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Fertility, Non-Altruism and Economic Growth: Industrialization in the Nineteenth Century


  • Elise s. Brezis

    () (Department of Economics, Bar Ilan University)


This paper presents a model of fertility, which is specific for the industrialization that took place during the nineteenth century and which was concurrent with the demographic transition that occurred over the period. While previous research on demographic transition assumed altruism as the main element explaining the increase in fertility rates, this paper does not, since altruism seems irrelevant over this period. The relationship between parents and children is part of a whole set of values and social norms that evolved over time and were affected by changes in the economic environment. In the nineteenth century, parental behavior was not compatible with altruism. I therefore present a model that suits the social norms of the nineteenth century. The value that seems to correspond to the legal system and social norms regarding the parent-child relationship of the period of industrialization is perpetuation. Due to a budget constraint on workers, perpetuation is displayed differently in different social classes. This paper will therefore focus on the interaction between the different social classes and show how industrialization is linked to demographic transition.

Suggested Citation

  • Elise s. Brezis, 2002. "Fertility, Non-Altruism and Economic Growth: Industrialization in the Nineteenth Century," Working Papers 2002-14, Bar-Ilan University, Department of Economics.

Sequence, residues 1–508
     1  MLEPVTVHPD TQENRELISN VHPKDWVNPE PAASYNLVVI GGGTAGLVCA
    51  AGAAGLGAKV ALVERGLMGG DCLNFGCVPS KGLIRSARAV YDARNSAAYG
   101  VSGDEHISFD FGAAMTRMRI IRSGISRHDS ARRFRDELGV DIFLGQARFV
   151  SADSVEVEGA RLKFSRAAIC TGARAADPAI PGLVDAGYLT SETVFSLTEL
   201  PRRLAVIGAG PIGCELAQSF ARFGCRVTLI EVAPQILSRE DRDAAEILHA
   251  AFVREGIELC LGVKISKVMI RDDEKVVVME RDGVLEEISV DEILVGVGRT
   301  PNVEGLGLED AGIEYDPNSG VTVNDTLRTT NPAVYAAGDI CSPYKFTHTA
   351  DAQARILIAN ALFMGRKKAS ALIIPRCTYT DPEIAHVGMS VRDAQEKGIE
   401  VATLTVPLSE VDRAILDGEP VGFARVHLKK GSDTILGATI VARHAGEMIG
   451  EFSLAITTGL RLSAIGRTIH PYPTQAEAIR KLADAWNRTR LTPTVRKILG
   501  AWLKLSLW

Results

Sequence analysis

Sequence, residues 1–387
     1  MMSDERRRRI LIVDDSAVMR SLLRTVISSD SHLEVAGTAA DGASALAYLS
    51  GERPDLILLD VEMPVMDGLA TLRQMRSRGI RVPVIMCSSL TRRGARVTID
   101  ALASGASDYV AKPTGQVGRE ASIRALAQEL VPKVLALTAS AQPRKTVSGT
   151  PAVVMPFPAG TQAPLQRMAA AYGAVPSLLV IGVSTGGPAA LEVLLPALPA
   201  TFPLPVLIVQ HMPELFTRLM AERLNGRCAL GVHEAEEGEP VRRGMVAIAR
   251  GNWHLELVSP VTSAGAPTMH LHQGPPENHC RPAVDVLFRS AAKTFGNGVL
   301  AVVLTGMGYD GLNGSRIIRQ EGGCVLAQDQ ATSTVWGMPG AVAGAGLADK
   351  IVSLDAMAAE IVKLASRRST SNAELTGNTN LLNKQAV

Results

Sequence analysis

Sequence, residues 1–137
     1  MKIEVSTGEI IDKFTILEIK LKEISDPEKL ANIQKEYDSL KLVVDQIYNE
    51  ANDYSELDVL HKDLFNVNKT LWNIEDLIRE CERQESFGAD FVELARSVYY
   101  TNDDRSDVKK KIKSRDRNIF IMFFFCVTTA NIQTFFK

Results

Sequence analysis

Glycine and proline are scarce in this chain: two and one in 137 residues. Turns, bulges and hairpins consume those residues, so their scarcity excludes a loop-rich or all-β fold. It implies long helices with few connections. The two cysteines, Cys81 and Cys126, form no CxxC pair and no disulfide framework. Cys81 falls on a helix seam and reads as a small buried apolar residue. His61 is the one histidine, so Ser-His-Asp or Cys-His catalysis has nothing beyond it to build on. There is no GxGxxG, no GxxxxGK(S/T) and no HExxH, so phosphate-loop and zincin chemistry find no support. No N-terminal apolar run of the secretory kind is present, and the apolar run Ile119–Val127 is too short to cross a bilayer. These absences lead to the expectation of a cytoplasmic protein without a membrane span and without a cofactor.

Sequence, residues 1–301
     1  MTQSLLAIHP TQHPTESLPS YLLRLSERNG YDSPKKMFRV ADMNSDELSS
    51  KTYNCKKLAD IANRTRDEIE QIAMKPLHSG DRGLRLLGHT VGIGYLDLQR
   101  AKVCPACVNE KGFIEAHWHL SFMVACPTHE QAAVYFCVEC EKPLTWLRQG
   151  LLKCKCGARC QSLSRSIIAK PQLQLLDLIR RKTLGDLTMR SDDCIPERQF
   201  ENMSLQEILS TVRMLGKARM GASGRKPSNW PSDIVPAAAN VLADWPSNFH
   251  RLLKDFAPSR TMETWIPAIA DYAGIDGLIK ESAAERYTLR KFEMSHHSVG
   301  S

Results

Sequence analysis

• Handle: RePEc:biu:wpaper:2002-14

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    Cited by:

    1. Rapoport, Hillel & Vidal, Jean-Pierre, 2007. "Economic growth and endogenous intergenerational altruism," Journal of Public Economics, Elsevier, vol. 91(7-8), pages 1231-1246, August.
    2. Luc Arrondel & Cyril Grange, 2006. "Transmission and inequality of wealth: An empirical study of wealth mobility from 1800 to 1938 in France," The Journal of Economic Inequality, Springer;Society for the Study of Economic Inequality, vol. 4(2), pages 209-232, August.

    More about this item


    altruism; social classes; demographic transition; capital; proletariat; fertility; growth.;

    JEL classification:

    • J13 - Labor and Demographic Economics - - Demographic Economics - - - Fertility; Family Planning; Child Care; Children; Youth
    • O11 - Economic Development, Innovation, Technological Change, and Growth - - Economic Development - - - Macroeconomic Analyses of Economic Development
    • O16 - Economic Development, Innovation, Technological Change, and Growth - - Economic Development - - - Financial Markets; Saving and Capital Investment; Corporate Finance and Governance
    • O40 - Economic Development, Innovation, Technological Change, and Growth - - Economic Growth and Aggregate Productivity - - - General


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